We have developed a novel 4D dynamic liver blood flow model, capable of accurate dose estimation to circulating blood cells during liver-directed external beam radiotherapy, accounting for blood recirculation and radiation delivery time structure. Adult male and adult female liver computational phantoms with detailed vascular trees were developed to include the hepatic arterial, hepatic portal venous, and hepatic venous trees. A discrete time Markov Chain approach was applied to determine the spatiotemporal distribution of 105blood particles (BP) in the human body based on reference values for cardiac output and organ blood volumes. For BPs entering the liver, an explicit Monte Carlo simulation was implemented to track their propagation along ∼2000 distinct vascular pathways through the liver. The model tracks accumulated absorbed dose from time-dependent radiation fields with a 0.1 s time resolution. The computational model was then evaluated for 3 male and 3 female patients receiving photon (VMAT and IMRT) and proton (passive SOBP and active PBS) treatments. The dosimetric impact of treatment modality, delivery time, and fractionation on circulating blood cells was investigated and quantified using the mean dose (μdose,b),V>0Gy,V>0.125Gy,andD2%. Average reductions inμdose,b,V>0Gy,V>0.125GyandD2%of 45%, 6%, 53%, 19% respectively, were observed for proton treatments as compared to photon treatments. Our simulation also showed thatV>0Gy,V>0.125Gy, andD2%were highly sensitive to the beam-on time. BothV>0GyandV>0.125Gyincreased with beam-on time, whereasD2%decreased with increasing beam-on time, demonstrating the tradeoff between low dose to a large fraction of blood cells and high dose to a small fraction of blood cells. Consequently, proton treatments are not necessarily advantageous in terms of dose to the blood simply based on integral dose considerations. Instead, both integral dose and beam-on time can substantially impact relevant dosimetric indices.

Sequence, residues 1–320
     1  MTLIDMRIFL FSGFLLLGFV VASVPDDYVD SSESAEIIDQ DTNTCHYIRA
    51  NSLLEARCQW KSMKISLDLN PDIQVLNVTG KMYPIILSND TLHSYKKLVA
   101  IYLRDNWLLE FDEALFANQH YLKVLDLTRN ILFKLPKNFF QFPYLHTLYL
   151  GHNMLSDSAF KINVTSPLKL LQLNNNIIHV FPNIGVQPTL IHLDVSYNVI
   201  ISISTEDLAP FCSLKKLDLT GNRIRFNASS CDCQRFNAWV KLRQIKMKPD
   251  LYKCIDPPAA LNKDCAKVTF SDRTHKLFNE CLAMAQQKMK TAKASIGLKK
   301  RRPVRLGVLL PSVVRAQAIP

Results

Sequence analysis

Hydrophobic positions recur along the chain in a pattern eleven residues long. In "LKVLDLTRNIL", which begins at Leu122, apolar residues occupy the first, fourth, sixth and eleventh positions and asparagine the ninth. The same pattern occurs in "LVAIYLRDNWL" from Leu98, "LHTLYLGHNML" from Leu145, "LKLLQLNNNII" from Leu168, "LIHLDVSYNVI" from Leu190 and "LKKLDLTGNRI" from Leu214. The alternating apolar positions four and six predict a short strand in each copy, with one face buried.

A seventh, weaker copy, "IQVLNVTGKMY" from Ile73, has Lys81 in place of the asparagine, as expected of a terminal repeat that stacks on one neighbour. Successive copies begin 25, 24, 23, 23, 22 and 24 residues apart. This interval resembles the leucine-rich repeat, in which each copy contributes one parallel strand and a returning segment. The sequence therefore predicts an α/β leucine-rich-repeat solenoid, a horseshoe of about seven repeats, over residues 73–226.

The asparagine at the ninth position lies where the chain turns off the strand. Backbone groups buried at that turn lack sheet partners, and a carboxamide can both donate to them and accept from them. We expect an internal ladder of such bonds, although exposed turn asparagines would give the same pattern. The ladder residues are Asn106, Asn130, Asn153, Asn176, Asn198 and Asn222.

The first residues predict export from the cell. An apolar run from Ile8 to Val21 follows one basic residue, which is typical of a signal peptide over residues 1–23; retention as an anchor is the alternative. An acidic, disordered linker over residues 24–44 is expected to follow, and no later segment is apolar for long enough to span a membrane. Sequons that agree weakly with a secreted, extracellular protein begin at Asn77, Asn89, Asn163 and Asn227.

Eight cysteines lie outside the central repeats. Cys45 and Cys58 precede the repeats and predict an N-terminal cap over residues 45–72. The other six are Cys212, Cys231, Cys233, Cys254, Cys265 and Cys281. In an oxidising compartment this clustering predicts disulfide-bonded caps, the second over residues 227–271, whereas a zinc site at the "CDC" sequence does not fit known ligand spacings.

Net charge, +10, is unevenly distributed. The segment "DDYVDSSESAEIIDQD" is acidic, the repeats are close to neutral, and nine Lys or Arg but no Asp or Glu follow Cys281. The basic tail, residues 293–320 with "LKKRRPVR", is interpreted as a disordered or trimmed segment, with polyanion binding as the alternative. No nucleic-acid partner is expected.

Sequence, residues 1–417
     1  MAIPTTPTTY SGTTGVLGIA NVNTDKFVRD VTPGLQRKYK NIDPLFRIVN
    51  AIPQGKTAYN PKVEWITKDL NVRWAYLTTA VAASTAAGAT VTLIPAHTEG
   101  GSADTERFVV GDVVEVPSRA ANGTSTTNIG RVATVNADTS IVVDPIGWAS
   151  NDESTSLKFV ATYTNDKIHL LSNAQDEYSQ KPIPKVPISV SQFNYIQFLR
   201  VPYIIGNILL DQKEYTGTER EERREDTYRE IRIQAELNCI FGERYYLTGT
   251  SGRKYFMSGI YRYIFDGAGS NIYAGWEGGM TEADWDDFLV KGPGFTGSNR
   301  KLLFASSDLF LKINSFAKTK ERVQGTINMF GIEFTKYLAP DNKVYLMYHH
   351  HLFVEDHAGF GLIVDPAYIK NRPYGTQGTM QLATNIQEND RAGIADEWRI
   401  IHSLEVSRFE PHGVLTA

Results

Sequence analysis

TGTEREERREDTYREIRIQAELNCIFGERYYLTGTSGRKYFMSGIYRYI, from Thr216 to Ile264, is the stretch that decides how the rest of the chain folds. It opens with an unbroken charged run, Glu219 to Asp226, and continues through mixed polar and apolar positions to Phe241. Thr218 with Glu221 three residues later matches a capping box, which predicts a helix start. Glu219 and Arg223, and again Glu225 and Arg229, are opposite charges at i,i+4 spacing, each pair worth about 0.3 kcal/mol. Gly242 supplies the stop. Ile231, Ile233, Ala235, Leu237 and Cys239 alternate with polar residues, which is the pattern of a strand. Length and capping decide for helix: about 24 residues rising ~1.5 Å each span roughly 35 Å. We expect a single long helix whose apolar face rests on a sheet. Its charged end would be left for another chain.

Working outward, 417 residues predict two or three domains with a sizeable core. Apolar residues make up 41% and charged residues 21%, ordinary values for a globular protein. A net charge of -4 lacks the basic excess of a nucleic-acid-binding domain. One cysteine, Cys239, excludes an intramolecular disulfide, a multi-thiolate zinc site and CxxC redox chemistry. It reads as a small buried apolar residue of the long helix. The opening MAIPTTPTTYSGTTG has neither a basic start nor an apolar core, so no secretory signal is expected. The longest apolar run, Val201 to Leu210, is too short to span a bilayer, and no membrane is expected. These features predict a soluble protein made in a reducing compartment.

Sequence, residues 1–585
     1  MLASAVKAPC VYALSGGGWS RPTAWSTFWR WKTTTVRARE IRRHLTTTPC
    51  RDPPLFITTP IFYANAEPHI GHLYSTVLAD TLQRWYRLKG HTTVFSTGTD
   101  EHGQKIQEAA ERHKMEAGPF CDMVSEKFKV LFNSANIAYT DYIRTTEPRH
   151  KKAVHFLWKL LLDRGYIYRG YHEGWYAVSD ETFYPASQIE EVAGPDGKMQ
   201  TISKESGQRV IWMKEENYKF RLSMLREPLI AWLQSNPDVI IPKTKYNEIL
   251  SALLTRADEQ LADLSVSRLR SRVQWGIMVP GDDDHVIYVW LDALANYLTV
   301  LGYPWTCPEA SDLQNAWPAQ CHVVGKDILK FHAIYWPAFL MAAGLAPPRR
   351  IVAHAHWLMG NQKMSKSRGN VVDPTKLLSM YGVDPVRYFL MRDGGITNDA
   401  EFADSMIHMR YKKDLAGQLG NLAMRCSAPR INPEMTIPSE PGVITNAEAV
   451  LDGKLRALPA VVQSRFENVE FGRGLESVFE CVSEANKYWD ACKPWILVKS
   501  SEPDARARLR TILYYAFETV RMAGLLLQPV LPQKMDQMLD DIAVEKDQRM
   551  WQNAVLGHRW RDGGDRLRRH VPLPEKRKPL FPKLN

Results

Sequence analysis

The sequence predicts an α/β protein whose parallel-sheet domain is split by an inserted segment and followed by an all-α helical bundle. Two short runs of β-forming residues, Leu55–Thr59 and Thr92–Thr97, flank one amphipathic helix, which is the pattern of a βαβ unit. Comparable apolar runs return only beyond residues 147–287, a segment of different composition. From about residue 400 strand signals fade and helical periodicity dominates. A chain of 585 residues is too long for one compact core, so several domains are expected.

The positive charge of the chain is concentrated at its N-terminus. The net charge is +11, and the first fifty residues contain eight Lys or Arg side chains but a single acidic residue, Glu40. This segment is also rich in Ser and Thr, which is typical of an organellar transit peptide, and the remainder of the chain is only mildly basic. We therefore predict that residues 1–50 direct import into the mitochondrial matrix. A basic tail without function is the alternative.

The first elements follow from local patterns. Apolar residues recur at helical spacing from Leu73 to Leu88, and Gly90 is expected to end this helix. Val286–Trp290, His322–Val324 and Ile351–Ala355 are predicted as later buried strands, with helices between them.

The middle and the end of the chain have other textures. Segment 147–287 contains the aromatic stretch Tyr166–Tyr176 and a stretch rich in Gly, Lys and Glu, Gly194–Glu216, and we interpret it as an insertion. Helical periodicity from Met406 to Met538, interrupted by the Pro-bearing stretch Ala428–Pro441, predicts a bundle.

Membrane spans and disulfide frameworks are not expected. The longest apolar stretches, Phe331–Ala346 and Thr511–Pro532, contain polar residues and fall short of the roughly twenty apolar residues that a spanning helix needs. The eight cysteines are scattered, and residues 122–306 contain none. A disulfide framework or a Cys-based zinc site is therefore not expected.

Keywords: blood flow simulation; circulating lymphocytes; liver radiation therapy; lymphopenia; proton therapy.
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